If you want a place to study history, take in the sights and see stunning art – the Ridington Room in the Irving K. Barber Learning Centre is for you. The two-storey reading room (named after John Ridington, UBC’s first University Librarian) features a 45-panel glass sculpture from artist John Nutter, etched with compasses. The spiral staircase offers visitors a chance to study at tables, lounge in chairs or catch a better look at the artwork. The walls are adorned with portraits of former UBC Presidents, inspiring the students of today to remember their past.

Douglas Coupland speaking at a podium at his honorary degree ceremony.

Douglas Coupland speaks to UBC graduates after accepting his honorary degree in 2010. Photo: Martin Dee.

A profile of Douglas Coupland, the prolific writer and artist, appears in Montecristo magazine. In 2010, Coupland donated his extensive archives to UBC Library, and accruals have been added since then.

Today, the University of British Columbia Library has accumulated over 200 boxes of Coupland’s personal effects: notepads, early drafts and manuscripts, prototypes and moquettes of artworks, fanmail and professional correspondence, samples from the Roots Collection, ephemera, and works in progress – anything and everything that documents his process from concept to creation. As lead archivist Sarah Romkey says, “We sometimes have to rethink what we consider an archive, when we’re working with Doug’s material. We learn about our own process as archivists – what you keep and how you organize it.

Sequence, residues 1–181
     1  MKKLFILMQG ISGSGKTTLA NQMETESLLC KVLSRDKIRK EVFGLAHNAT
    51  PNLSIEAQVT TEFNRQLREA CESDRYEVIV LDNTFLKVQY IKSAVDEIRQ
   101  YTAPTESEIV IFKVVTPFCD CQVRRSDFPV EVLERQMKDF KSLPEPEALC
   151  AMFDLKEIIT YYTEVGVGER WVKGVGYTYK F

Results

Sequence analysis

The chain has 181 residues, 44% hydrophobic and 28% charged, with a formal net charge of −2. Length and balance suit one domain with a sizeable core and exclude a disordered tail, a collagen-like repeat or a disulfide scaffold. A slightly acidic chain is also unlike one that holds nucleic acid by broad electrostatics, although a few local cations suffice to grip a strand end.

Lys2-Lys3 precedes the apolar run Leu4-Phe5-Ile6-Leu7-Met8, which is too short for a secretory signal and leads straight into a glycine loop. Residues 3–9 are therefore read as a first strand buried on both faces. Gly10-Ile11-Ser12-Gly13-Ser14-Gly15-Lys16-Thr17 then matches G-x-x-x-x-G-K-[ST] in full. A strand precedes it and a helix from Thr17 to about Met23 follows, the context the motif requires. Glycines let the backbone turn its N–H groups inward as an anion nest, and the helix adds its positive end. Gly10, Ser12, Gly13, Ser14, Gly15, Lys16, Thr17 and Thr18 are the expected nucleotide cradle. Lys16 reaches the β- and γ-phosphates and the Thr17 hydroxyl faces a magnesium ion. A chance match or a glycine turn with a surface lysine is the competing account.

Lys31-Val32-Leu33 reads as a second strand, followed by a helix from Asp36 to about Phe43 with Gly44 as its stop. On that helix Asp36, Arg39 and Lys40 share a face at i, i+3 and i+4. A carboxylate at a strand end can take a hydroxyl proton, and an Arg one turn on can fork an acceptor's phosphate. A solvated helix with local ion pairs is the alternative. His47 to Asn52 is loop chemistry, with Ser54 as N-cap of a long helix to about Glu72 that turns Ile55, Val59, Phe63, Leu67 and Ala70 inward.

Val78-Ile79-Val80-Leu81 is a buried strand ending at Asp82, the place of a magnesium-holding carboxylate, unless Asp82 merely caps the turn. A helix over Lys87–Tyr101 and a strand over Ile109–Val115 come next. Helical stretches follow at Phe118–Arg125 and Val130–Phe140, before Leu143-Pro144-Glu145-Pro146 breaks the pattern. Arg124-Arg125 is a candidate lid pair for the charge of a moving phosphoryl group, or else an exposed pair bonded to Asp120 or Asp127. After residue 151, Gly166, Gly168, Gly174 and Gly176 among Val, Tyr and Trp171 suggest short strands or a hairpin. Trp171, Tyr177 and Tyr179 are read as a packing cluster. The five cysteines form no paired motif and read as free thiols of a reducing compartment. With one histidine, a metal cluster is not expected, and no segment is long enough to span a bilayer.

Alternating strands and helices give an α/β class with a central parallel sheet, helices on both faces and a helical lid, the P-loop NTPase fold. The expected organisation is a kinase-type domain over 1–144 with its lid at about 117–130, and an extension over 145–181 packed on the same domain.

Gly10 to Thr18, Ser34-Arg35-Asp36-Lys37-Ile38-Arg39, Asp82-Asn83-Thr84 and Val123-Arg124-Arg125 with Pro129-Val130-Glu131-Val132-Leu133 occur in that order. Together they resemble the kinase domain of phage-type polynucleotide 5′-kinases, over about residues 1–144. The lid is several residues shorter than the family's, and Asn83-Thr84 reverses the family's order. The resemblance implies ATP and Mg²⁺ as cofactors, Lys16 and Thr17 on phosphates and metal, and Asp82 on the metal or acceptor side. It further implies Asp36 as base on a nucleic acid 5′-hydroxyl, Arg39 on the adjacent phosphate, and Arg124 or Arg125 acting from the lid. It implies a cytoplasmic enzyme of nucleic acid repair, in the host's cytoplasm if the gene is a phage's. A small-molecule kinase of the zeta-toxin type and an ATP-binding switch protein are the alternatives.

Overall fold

Read more in Never Left Art School, by Craig David Long in Montecristo.

 

 

Douglas Coupland fonds

Internationally renowned author and artist Douglas Coupland has recently added twenty-six pieces to his already substantial personal archives at UBC Library.